US 4069188 A
A coated substrate for photogravure printing in which the substrate is coated with an aqueous latex containing as an essential film forming component particles of a copolymer of butadiene and carboxylated styrene having a particle size within the range of 0.08-0.14 microns and consisting essentially of 41-45% by weight butadiene, 45-57% by weight styrene and 2-10% by weight of at least one unsaturated carboxylic ethylenic acid.
1. An aqueous composition suitable for coating paper and cardboard for photogravure printing comprising an aqueous latex containing as the essential film-forming ingredient a copolymer of butadiene and carboxylated styrene, consisting essentially of 41 to 45% by weight of butadiene, 45 to 57% by weight of styrene and 2 to 10% by weight of at least one unsaturated carboxylic ethylenic acid, the particles of which have a diameter in the range of 0.08 to 0.14 micron.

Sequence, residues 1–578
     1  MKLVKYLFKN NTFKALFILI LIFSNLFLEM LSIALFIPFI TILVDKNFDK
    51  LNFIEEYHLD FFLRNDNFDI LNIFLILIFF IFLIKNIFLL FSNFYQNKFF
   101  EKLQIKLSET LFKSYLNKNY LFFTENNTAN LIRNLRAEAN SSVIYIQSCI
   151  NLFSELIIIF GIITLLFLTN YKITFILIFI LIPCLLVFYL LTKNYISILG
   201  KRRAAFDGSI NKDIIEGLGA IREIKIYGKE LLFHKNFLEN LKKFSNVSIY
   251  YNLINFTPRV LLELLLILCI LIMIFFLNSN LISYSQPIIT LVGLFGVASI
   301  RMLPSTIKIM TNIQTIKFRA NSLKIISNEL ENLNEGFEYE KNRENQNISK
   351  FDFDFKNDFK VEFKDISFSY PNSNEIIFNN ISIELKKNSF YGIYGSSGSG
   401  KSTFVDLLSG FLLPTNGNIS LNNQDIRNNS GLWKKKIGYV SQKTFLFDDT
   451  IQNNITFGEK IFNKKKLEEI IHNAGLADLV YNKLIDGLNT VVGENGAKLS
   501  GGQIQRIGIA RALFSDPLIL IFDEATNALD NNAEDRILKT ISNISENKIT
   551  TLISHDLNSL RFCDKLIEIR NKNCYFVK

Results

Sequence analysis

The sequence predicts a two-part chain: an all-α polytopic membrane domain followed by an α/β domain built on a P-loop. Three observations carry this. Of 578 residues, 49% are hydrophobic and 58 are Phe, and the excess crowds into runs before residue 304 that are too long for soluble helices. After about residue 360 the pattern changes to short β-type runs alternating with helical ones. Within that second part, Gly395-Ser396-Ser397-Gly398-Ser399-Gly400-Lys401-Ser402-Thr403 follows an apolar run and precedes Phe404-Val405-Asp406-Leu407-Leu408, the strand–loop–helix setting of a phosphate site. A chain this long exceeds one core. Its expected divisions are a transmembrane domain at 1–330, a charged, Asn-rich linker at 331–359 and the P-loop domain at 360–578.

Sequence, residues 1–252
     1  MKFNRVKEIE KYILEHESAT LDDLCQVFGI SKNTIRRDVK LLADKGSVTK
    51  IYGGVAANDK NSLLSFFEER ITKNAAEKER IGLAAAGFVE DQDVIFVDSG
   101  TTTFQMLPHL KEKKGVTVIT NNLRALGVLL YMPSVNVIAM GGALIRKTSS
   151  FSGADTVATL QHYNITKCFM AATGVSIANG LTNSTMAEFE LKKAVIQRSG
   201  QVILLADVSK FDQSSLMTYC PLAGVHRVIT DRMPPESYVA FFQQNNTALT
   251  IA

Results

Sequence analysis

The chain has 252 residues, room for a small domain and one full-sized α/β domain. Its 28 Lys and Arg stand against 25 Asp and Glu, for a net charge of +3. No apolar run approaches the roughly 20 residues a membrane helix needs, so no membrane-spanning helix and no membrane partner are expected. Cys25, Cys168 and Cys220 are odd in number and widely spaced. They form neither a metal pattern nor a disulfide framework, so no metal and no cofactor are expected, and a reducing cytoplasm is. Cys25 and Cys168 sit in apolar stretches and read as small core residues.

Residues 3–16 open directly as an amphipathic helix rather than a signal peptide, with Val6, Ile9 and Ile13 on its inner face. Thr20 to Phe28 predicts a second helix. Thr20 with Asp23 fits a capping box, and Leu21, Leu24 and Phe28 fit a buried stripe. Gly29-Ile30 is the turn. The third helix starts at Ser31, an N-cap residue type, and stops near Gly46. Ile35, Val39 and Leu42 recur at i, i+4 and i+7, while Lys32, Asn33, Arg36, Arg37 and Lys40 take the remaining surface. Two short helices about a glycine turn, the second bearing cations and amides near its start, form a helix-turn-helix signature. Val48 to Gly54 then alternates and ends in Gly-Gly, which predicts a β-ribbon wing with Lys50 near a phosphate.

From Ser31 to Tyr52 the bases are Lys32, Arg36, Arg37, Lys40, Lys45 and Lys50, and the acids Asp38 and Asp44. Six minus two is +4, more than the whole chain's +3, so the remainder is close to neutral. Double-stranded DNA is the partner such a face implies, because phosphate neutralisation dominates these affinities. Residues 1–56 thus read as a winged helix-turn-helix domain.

2. A composition according to claim 1 in which the quantity of carboxylic acid in the copolymer is from 3 to 6% by weight.
3. A composition according to claim 1 in which the carboxylic acid is selected from the group consisting of acrylic acid, methacrylic acid, itaconic acid and fumaric acid.
The present invention is concerned with aqueous compositions for the coating of paper and cardboard for photogravure printing, and the paper and cardboard coated with such compositions.